I used to say I would never consider buying anything from a high-end fashion house considering their prices, but lately I have softened my stance. If a person wants to buy a classic minimalist garment from one of those brands that they would be assured to be able to pass on to their son or grandson, the high tier is the best choice. Also, if one has the kind of disposable income that they can afford to buy that perfect “of the moment” piece under the assumption that it will look passe in five years, more power to them. I’ve almost done that myself, but never bit the bullet. Brands in the high-end include the likes of Prada, Jil Sander, Gucci, Alexander McQueen, Burberry, Zenga, Balenciaga, Tom Ford, Yohji Yamamoto…the list goes on.
The concept of the mid-range is kind of new as people got tired of being forced to choose between brands that are either inexpensive and designed horribly or super expensive and designed impeccably. There needed to be some sort of middle ground. Thus the mid-range was created to give consumers well-designed, stylish garments at a price point that won’t break the bank. The rise of the mid-range also seems to coincide with rise of menswear through the 00s, which led to the birth of Menswear Fashion Week in New York.
There’s a special place in my heart for Ami because it was the first label whose style I adored that I could actually afford to own. In 2011, Alexander Matiussi started his Parisian brand after successful tours at Givenchy, Dior, and Marc Jacobs, with a vision of creating simple, colorful, but not ostentatious, garments that can be mixed and matched. A lot of his looks can be adopted straight of the catwalk without needing to live in New York. They are adventurous and simultaneously subtle.
Saturdays has thrived as a lifestyle brand since they first opened their doors in New York in 2009, then known as Saturdays Surf. Though they dropped the “surf” out of their name, they still sell surfboards, wetsuits, and other lifestyle materials at their brick and mortar stores. Their clothing calls to mind California cool built with a New York mentality. I’m particularly keen on the Hawaiian shirts that they release when the weather gets warm.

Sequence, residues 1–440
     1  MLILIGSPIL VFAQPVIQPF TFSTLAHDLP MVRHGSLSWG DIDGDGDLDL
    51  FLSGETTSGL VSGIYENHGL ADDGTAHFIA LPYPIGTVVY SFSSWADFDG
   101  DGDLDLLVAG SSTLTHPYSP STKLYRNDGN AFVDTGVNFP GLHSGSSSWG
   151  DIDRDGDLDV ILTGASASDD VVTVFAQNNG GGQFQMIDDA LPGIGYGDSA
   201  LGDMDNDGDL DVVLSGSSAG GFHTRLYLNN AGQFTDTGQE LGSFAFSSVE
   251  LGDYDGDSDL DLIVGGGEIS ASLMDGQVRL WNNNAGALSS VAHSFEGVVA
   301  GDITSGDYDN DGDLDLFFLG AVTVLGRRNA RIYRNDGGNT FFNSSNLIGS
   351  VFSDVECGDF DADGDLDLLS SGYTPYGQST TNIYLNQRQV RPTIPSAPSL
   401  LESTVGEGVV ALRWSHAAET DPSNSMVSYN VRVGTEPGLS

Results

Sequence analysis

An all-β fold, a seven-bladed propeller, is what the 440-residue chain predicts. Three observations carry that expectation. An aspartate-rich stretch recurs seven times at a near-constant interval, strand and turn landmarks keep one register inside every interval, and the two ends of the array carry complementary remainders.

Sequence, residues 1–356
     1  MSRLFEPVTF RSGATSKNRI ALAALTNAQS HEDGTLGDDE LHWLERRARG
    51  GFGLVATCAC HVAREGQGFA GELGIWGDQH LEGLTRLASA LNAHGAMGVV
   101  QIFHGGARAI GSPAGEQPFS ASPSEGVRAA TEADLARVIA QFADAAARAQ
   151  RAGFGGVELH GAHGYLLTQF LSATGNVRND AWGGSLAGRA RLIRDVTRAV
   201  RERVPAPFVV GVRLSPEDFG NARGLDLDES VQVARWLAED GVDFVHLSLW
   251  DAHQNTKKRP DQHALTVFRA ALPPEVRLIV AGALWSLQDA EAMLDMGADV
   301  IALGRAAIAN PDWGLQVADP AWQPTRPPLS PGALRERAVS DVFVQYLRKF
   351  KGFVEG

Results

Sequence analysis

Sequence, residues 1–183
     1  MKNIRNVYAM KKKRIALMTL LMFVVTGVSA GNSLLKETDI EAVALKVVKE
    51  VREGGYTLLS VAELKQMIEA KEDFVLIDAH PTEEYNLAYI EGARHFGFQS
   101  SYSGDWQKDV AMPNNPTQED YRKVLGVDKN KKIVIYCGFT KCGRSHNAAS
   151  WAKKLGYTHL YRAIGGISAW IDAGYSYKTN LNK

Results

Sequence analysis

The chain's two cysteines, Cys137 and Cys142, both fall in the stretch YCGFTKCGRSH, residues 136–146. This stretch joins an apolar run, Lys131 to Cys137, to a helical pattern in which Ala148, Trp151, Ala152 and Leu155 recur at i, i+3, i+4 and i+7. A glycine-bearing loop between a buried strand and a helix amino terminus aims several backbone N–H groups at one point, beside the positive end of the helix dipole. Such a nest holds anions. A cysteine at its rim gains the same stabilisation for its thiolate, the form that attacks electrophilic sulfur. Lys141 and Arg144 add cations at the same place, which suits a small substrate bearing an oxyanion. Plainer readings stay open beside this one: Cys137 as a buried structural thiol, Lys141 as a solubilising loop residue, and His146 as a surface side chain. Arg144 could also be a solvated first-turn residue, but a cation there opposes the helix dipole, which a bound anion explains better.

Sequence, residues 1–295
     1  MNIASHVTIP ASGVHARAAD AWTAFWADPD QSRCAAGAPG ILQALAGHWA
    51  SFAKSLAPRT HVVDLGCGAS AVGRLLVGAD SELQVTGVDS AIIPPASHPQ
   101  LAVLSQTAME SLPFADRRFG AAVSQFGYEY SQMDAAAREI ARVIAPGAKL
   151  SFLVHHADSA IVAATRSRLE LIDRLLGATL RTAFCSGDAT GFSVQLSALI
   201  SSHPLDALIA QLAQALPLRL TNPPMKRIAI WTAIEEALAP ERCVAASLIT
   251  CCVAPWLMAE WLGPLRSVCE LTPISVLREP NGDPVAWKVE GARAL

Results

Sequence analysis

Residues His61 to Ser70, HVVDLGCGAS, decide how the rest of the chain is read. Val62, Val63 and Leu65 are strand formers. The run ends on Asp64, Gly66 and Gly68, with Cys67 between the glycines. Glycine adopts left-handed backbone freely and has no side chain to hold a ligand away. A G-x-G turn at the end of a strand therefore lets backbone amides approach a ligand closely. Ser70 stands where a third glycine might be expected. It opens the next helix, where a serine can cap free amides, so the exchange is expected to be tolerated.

Brendon Babenzien, the head of NOAH, began his journey at Supreme as the label’s Creative Director. This is part of the reason why so many comparisons are drawn between the two, both being considered skater brands. However, while Supreme exhumes more of a DGAF attitude in their streetwear, NOAH is much more considered and even preppy, complete with seersucker suit separates. The brand is also making efforts toward sustainability and social awareness, which our society needs much more of these days.
The style of ACNE is unapologetically minimalist owing to its home in Stockholm. Having been founded by Jonny Johansson in 1997, the label eschews many complicated patterns and instead employs alternative tailoring in their design. They also like to play around with off-kilter color combinations in their collections, drawing inspiration from Scandinavian art and culture. In my mind, the brand is remarkably similar to Our Legacy and Norse Projects.